This is not the bike shops fault. But it seems to happen quite often according to another bike mechanic i spoke to. Why do Shimano not have them built properly?. This from the Worlds biggest manufacturer of bicycle parts from a country respected for there attention to detail.

So back home that evening i go to remove the Shimano cassette to access the cones and my Shimano cassette remover tool does not fit over the cones... Phone mate Jason.. "Ah you need the new Shimano remover tool, i bought one for the Alfine",
This one... Shimano part; TL-LR10

 So i borrowed said correct tool, and it didn`t fit over the cones either, same as my older Shimano tool, "mama mia!" and a few Scottish swear words!, and in 3 seconds i had decided time for `Operation Hope hub transfer`... -:)
I still had to get the axle out the Shimano hub from the non drive side but could not get the cassette off, so had no choice but lever out - and ruin in process an alloy cap over the cones,  then got the cassette off.

Anyway, my point is would you buy a cup and cone Bottom Bracket nowadays for a Mountainbike?, or a loose bearing Headset?,  of course you wouldn't.  When you can stick some sealed bearings in there then check them once or twice a year and job done, no hassle.

So why are cup and cone bearing hubs still being made and put on good quality off road bikes?, and esp something like a fat bike and the likely wet conditions it will see?, who knows...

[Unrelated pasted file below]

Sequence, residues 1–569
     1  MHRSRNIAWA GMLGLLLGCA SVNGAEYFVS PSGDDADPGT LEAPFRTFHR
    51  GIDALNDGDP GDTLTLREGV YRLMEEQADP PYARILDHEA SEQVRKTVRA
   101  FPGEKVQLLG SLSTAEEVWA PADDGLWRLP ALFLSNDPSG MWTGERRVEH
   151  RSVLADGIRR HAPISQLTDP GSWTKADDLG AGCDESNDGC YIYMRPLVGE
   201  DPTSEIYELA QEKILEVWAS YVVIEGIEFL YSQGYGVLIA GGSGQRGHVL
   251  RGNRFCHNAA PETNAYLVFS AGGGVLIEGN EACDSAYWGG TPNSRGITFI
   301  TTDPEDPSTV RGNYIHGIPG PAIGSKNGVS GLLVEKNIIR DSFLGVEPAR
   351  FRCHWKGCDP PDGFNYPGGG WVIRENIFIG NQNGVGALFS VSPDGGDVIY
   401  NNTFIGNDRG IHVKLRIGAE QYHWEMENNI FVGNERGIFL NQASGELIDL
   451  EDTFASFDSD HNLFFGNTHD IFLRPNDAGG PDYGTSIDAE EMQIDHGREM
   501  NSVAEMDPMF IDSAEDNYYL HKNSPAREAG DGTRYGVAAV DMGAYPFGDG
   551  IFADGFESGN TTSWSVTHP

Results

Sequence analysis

Apparently there is a third Shimano cassette removal tool, what a load of nonesense!.

To balance the record a bit my 1994 Dawes Super Galaxy has Shimano Deore hubs, original items and the first owner of the bike racked up more than 40,000 miles. all 3 of my cassette removal tools fit the LX cassette too!,

I will also be changing the front Surly hub as for some strange reason it has angular face bearings with cup and cones instead of a regular shouldered axle, yep you guessed it, they loosened off too!,

I took some advice on line and replaced the lock rings with Shimano ones, they are still tight but, i have lost faith in it now, every ride i at least once go for a shake of the front wheel!.
Friend Jason had nothing but problems with his front hub cones loosening. The Moonlander uses a rear hub up front too but unlike the Pugsley it is in line, so i am just going to get a Hope Pro 2 SS trials rear hub like i have on my Pugsley laced on before summer.
The Hope hub is symmetrical despite the narrow cassette spine which will have spacers, but hey it means i will have spare cassette pawls just in case!.

For beachriding in the UK the stock Pugsley and Moonlander hubs are a bit of a let down for reliability and low maintenance.